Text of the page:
DNA Mind tests for genetic variations associated with changes in key biological areas that affect mental health. Weaknesses in these areas, together with environmental factors, increase risk for development of disorders related to mental health. The areas of mental health reported in DNA Mind include: Neurodegenerative disorders, mood disorders, and addictive behaviour.
Mild cognitive impairment (MCI) causes a slight, but noticeable and measurable decline in cognitive abilities, including memory and thinking skills. Individuals with mild cognitive impairment are at an increased risk of developing Alzheimer’s Disease (AD) or another dementia. Altered functioning of specific biological areas has been related to increased risk of MCI as well as late-onset AD.
The genes analysed are APOE, CRP, IL-1, IL-6, TNFA, COMT, BDNF which are involved in either lipid metabolism, inflammation, dopaminergic and neurotrophic processes.
Mood disorders are psychological disorders that are characterized by the elevation or lowering of an individual’s mood, to the extent that it can interfere with everyday life for an extended period of time. The specific mood disorders reported include bipolar, depression, anxiety and post-traumatic stress disorder.
The genes associated with mood disorders include CRP, IL-1, IL-6, TNFA, MTHFR, MTR, COMT, BDNF, 1A HTR1A, FKBP5, OXTR, CACNA1C, ANK3, GSK3B and are analysed as part of inflammation, methylation, dopaminergic, neurotrophic, serotonergic, stress response, cell signalling and WNT signalling.
Addictive behaviour can manifest in a number of disorders, which are complex in their aetiology and are influenced by both genetic and environmental factors. Genetics and addictive areas of the association include behavioural disorders such as eating disorders (binge eating), ‘adrenaline seeking’, and risk-taking behaviour. Substance use disorders include risk of alcohol, nicotine, cannabis and opioid dependence. This area will also report on psychosis response from cannabis use.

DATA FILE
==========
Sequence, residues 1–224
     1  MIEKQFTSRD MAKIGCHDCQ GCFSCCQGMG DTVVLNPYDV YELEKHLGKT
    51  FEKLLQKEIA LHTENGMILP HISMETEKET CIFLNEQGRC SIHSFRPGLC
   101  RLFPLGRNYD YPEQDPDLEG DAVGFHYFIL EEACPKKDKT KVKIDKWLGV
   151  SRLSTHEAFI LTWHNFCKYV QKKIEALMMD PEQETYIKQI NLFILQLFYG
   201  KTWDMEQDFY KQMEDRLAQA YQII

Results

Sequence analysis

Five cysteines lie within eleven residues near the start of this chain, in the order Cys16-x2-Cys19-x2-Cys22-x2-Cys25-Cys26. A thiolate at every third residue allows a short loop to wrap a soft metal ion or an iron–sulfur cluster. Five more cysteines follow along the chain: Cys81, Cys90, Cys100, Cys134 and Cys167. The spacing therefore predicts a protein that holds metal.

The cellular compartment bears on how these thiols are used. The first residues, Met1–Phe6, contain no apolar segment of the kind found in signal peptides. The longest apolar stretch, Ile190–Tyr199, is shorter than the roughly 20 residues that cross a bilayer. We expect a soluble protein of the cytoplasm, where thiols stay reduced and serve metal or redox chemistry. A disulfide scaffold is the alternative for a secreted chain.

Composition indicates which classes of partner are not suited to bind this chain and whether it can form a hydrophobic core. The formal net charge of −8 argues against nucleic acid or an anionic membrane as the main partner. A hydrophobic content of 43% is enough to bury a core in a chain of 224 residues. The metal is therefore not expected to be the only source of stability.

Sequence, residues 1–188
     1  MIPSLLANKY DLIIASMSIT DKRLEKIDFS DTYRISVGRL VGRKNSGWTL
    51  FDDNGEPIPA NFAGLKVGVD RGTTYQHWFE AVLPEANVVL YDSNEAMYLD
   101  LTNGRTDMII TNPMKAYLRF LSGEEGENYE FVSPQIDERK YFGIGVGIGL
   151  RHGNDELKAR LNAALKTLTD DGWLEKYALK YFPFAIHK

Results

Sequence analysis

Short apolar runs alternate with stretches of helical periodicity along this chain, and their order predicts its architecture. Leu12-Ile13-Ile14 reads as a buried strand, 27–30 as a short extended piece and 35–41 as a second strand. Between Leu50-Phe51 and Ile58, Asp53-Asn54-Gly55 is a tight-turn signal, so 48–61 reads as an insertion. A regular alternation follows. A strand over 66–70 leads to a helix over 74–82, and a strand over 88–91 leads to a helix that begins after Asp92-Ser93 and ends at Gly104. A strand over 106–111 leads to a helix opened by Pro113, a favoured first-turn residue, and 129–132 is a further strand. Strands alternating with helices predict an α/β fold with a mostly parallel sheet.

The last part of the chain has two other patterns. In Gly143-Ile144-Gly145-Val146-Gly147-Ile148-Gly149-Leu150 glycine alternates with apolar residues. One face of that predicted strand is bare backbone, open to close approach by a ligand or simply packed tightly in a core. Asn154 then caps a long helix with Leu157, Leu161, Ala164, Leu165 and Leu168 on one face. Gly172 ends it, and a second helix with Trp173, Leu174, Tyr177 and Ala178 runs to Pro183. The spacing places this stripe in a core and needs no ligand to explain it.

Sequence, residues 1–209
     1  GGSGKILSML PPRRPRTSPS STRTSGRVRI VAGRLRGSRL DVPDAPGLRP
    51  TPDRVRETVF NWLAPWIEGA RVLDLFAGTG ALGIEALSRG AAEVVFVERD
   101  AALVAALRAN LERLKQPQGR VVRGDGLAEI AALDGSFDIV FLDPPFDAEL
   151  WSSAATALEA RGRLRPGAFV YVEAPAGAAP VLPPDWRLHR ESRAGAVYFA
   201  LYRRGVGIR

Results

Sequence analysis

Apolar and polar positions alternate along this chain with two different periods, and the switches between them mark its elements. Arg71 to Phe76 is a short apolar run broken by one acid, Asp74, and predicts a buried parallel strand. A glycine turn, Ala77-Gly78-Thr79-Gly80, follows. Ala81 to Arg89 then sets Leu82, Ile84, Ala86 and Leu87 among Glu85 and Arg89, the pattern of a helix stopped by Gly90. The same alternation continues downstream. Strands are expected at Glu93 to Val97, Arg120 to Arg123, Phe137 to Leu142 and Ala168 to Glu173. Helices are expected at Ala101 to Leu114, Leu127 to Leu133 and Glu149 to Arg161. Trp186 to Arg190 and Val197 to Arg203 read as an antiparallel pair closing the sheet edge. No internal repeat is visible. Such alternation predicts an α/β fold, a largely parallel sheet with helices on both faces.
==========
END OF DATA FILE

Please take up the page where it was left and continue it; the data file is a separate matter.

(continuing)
The genes associated with addictive behaviours are CHRNA3, CHRNA5, CNR1, FAAH, AKT1, DRD1, DRD2, DRD3, DRD4, COMT, OPRM1, BDNF, SLC6A4 and GABRA2. These genes are involved in cell signalling, endocannabinoid, dopaminergic, neurotrophic, serotonergic and stress response processes.
It may sound like something out of a sci-fi movie, but genetic testing is a powerful health tool that can give you a deep understanding of how your body works.
At the heart of it is the molecule DNA. Every single cell in our bodies – from our heart to skin, blood and bone – contains a complete set of our DNA. This powerful molecule carries our genetic code and determines all manner of traits, from our eye colour to aspects of our personalities and, of course, our health.
Interestingly, 99.9% of the DNA from two people is identical. It’s the other 0.1% of DNA code sequences that make us unique.
An example of a genetic variation is that one ‘letter’ may be replaced by another. These variations can lead to changes in the resulting proteins being made. For example, a ‘C’ may be changed to a ‘G’ at a point in the genetic code. When the variation affects only one genetic ‘letter’ it is called a 'Single Nucleotide Polymorphism', or 'SNP' (pronounced “snip”).
Variations can however also affect more than one ‘letter’. Genetic tests look at specific chromosomes, genes or proteins, and the variations that occur within them, to make observations about disease or disease risk, body processes or physical traits.